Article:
Advanced Configurations PART 3


Chapter 11 Local and Routed Browsing

Local versus Routed Browsing
Up to now, we’ve discussed the master browser, as if there were only one on a network. This may be true of small networks that consist of just one network segment, but when a network includes multiple segments, the situation becomes more complex. Networks can be segmented either physically (by the presence of routers, bridges, and so on) or logically (by including machines with IP addresses from different ranges). A logical network address space is specified by the use of a network mask or netmask. The netmask can take one of two forms: A series of four 8-bit bytes, generally expressed in decimal notation, in which each bit indicates whether the corresponding bit in an IP address is on the same local network as the client or target IP address. For example, works out to all binary 1s in the first three bytes, and all binary 0s in the final byte. This indicates that the first three bytes constitute the network segment of the address, and the final byte is an individual machine’s address. A single decimal number, generally following a network address and separated from that address by a slash ( /). This number indicates the number of bits in the address that form the network address. The address indicates a 24-bit netmask—this is the same as specifying with a netmask. When two IP addresses are identical in all the network bits of the address, those IP addresses reside on the same subnet or network segment. If two IP addresses differ on any of the bits that make up the network portion of the address, then those IP addresses belong to different subnets. Both these terms (subnet and network segment) are sometimes also applied to physical network divisions, such as subnets joined by a router.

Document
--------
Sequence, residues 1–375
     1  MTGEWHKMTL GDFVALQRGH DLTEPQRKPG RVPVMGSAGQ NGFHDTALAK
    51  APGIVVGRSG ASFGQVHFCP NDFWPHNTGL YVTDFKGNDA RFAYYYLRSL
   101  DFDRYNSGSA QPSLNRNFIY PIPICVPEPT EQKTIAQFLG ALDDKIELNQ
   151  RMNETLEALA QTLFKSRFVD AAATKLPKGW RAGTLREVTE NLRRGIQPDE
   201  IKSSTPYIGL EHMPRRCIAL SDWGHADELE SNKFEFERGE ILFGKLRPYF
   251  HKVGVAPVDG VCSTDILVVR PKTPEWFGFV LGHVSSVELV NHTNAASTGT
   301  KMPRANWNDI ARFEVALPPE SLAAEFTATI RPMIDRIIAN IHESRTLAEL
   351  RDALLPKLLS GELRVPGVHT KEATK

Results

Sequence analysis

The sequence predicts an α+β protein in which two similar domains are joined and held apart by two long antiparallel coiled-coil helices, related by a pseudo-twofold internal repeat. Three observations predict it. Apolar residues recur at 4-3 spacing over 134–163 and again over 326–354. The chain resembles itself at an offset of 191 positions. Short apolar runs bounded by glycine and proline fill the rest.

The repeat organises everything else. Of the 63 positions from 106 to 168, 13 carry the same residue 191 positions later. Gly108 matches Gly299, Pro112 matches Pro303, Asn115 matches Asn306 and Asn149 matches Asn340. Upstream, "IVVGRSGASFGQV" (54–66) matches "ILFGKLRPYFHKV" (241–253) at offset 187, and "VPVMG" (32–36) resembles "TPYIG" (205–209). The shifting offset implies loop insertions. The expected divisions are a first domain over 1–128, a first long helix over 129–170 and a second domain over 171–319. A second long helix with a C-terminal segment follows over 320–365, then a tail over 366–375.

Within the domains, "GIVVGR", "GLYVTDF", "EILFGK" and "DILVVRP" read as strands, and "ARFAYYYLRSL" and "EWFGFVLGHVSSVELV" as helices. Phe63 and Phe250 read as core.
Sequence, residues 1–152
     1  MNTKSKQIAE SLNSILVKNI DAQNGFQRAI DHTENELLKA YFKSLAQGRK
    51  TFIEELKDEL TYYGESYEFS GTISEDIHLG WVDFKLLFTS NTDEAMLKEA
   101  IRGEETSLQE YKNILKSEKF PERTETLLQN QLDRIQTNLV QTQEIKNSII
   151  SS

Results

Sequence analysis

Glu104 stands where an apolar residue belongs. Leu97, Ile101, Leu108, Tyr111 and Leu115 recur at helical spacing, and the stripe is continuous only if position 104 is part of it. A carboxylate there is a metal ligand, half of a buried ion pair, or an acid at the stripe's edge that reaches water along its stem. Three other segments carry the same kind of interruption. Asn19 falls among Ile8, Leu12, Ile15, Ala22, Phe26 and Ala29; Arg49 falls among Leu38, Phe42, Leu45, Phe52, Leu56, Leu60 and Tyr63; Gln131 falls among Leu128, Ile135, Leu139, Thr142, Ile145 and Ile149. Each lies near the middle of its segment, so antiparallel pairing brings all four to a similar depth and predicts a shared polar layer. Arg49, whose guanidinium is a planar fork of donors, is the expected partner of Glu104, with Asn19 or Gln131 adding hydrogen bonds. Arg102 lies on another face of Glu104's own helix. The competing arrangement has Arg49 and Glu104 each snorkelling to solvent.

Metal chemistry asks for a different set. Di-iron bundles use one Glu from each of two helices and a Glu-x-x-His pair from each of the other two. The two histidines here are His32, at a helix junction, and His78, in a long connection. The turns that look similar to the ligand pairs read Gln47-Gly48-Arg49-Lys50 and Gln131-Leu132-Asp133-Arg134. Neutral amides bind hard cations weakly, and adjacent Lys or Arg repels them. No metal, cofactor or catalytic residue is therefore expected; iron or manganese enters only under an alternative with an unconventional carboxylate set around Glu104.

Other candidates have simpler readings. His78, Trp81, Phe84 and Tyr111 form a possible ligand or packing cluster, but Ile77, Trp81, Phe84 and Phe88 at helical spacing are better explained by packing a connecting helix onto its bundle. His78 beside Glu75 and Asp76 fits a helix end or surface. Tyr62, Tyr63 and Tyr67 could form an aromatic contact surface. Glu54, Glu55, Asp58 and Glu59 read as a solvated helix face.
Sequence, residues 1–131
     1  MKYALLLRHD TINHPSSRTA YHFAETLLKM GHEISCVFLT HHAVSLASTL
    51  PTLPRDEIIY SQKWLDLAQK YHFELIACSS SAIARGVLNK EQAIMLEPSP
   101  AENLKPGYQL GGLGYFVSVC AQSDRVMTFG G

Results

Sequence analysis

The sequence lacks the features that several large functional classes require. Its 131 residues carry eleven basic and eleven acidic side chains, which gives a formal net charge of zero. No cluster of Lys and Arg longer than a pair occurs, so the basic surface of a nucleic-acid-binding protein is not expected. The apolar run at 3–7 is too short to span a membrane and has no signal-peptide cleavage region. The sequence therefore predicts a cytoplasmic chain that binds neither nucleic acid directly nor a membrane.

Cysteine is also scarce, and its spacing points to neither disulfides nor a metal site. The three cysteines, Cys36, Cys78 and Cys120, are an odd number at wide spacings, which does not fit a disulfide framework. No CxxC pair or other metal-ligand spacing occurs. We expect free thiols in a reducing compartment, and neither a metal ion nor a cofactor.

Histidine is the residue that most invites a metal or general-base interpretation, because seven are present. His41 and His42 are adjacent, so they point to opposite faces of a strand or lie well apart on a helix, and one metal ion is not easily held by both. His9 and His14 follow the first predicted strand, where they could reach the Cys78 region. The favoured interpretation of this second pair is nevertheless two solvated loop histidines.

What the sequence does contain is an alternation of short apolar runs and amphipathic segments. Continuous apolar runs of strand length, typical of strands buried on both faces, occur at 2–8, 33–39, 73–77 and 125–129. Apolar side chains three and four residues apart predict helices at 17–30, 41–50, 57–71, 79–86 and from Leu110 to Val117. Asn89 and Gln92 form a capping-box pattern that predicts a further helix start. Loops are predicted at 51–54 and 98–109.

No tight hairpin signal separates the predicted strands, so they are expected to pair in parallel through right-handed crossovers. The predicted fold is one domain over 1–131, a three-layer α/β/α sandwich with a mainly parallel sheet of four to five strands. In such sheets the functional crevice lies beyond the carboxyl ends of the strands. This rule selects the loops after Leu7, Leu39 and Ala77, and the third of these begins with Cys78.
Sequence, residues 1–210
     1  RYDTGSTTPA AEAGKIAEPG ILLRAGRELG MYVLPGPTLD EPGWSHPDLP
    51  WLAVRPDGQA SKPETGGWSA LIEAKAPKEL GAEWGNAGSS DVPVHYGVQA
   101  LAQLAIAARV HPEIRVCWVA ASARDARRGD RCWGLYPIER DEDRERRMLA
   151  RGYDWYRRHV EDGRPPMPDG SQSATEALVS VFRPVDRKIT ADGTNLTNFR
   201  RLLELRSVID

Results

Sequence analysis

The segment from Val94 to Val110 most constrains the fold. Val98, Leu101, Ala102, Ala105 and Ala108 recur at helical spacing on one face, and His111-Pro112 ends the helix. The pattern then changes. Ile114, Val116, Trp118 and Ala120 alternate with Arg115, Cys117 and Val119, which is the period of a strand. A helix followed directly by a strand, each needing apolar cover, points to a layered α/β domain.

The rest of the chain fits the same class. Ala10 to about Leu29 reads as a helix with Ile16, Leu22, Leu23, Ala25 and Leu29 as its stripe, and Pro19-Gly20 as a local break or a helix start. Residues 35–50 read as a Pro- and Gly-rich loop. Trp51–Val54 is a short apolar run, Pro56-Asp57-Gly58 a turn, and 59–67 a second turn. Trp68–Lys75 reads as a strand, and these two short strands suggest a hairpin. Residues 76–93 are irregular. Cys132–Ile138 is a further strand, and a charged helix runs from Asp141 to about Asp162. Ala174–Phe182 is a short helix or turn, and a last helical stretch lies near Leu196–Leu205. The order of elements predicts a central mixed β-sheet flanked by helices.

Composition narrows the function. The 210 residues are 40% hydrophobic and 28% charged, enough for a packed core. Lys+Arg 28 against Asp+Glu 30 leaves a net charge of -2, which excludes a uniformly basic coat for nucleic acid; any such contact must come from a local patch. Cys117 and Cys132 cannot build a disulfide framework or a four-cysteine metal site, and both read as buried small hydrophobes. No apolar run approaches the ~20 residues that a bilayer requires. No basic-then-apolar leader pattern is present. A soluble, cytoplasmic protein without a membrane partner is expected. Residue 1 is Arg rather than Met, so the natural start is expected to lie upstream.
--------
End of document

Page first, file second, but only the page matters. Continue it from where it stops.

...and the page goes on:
TIP When possible, configure your network so that logical and physical network segments coincide precisely. This arrangement can reduce problems with browsing and name resolution in Samba and is generally less confusing than trying to configure routers to route along lines that aren’t cleanly defined in terms of netmasks.

The local network definition is extremely important to browsing, because the local master browser normally collects information only on the local network segment. This network segment is defined principally in terms of the logical (IP address–based) network segment. If routers or other network hardware break up a logical network segment into two or more physical segments, however, a local master browser may be useful only to computers on its own physically isolated network segment.

Understanding Browsing


It’s not always possible to configure a Windows network in such a way that it’s confined to a single subnet. In such a situation, a Windows network uses two different types of master browser: Local Master Browser The local master browser functions as the master browser for the network segment on which it resides. Computers on a given subnet periodically hold an election to determine which computer functions as the local master browser. Therefore, the local master browser can change from moment to moment. Such changes can be disruptive, so it’s to your advantage to configure your computers so that only one reliable machine is likely to win the local master browser election. A large network can have many local master browsers, each in its own network segment. Domain Master Browser The domain master browser is a step up from the local master browser. The domain master browser coordinates browse lists from all the local master browsers in a workgroup, no matter what their network segments. Normally you must manually configure a computer to function as a domain master browser.
Advanced Configurations PART 3

NOTE Domain master browsers are often associated with domains, and in fact a multisegment network consisting entirely of Windows computers can function as a unit only by being configured as a domain. You can configure a Samba computer as a domain master browser even when you use a workgroup network configuration, but then the domain master browser effectively doesn’t function as anything more than a local master browser. A domain master browser on a singlesubnet domain also doesn’t coordinate browse lists, and so functions only as a local master browser.